Continuous, real-time monitoring of an IT environment allows IT teams to identify potential threats quickly and move immediately to stop them. When protections have failed to prevent a breach, continuous monitoring helps limit the time an attacker can spend within a network doing damage or exfiltrating data.
Endpoint verification technology ensures that a legitimate user is in control of each device and that devices are free of malware and other threats.
Threat detection and response
When monitoring solutions reveal the presence of threats, IT teams need robust threat detection and response technologies to execute incident response playbooks and orchestrate remediation.
To protect data, security teams need technology that can identify and categorize data assets based on criticality, along with solutions to automatically prevent data loss, theft and leaks.
How Zero Trust Security Works
Zero Trust security tools help IT teams implement the critical pillars of the Zero Trust framework.
- Continuously verify. Zero Trust security tools enable IT environments to constantly verify users’ identities, devices and connections without introducing latency in accessing IT resources.
- Assume breach. When security teams assume that threats have already breached their defenses, they tend to take a more assertive posture against potential threats and uncover unseen attacks earlier.
- Grant least-privilege access. By allowing users and devices to access only the resources they need, Zero Trust security products limit the points of entry for attackers and the volume of credentials that IT teams must manage.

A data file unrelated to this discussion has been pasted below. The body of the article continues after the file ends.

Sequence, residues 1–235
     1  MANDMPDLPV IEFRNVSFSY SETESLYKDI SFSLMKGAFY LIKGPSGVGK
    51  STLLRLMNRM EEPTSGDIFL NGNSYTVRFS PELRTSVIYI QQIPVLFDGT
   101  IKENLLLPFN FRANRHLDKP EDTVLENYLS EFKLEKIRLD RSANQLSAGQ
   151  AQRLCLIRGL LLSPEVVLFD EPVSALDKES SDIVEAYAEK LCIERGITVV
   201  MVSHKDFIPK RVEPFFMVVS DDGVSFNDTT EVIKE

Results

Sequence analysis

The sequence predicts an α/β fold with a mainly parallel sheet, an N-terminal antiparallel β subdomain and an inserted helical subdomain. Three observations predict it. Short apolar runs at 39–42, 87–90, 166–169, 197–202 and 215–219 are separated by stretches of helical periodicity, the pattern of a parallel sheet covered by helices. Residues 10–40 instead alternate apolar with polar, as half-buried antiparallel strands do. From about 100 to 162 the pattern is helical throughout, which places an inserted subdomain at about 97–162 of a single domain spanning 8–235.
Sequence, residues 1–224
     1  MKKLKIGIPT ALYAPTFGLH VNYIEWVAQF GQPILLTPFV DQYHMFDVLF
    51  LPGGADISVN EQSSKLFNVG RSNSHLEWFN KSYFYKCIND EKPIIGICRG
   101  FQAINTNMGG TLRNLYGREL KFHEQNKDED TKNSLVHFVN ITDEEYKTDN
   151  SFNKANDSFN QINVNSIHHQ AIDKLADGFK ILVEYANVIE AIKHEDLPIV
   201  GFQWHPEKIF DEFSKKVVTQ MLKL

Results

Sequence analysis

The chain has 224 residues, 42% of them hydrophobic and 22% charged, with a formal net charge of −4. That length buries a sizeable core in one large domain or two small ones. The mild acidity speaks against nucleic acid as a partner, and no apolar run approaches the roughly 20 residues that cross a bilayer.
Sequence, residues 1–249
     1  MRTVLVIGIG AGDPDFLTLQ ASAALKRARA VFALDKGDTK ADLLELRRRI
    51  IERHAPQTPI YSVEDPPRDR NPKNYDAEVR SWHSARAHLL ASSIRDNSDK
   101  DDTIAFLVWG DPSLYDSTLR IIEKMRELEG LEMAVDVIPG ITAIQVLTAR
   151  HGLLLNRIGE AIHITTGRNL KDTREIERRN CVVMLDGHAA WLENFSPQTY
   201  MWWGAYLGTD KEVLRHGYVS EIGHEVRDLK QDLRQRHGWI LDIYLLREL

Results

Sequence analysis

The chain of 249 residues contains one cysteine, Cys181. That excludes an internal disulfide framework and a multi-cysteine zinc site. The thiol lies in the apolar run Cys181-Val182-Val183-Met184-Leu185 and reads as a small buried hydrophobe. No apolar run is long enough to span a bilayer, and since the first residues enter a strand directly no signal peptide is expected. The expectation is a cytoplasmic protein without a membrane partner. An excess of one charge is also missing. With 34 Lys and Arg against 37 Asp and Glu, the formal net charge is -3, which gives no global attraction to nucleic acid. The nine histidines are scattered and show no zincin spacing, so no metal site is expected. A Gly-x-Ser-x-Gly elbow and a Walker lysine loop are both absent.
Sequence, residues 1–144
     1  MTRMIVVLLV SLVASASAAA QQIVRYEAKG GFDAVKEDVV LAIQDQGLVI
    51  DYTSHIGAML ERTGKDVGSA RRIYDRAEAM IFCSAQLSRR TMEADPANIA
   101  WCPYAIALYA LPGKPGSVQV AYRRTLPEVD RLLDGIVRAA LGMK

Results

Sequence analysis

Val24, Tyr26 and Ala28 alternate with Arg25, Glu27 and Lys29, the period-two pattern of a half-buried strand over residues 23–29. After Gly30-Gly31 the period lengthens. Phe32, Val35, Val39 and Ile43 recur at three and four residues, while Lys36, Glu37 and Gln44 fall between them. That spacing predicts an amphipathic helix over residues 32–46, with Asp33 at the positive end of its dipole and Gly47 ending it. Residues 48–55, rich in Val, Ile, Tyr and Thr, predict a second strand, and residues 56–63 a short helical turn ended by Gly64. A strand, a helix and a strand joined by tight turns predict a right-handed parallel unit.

- Automate processes. A Zero Trust security platform that automates tasks can improve scalability, minimize human error, apply consistent policies and reduce the effort required from IT teams.
- Limit the attack surface. By segmenting assets and tightly controlling access, Zero Trust security tools help to limit the damage an attacker can do after successfully breaching an organization’s defenses.
Zero Trust Security Tools from Forcepoint
As a Zero Trust vendor recognized as a leader in cybersecurity by Gartner, Forrester, NSS Labs and others, Forcepoint offers multiple Zero Trust security tools designed to streamline the implementation of Zero Trust capabilities.
Content Disarm & Reconstruction (CDR)
Forcepoint Zero Trust CDR stops known and unknown threats and malware in incoming documents, emails, files and images. After extracting valid business data from files and verifying that the information is well-structured, Zero Trust CDR builds a new, fully functional file to deliver the information to its destination. This Zero Trust security tool frees the SOC team from handling quarantine cues, managing false positives, applying signature updates and dealing with potential breach alerts.
Zero Trust Network Access (ZTNA)
Forcepoint ZTNA securely connects remote workers to apps in internal data centers and private clouds. Using browser shortcuts or single sign-on portals, remote workers can connect to private apps using their own devices as if they were in the office. Forcepoint ZTNA enables superior Zero Trust application access control by giving access only to the apps users need rather than all apps in internal data centers.
Data Loss Prevention (DLP)
Forcepoint DLP helps prevent unauthorized users from accessing, leaking or exfiltrating data. Using security policy to detect sensitive information in network traffic, Forcepoint DLP blocks data from leaving the organization – in real-time and with no friction for the user experience.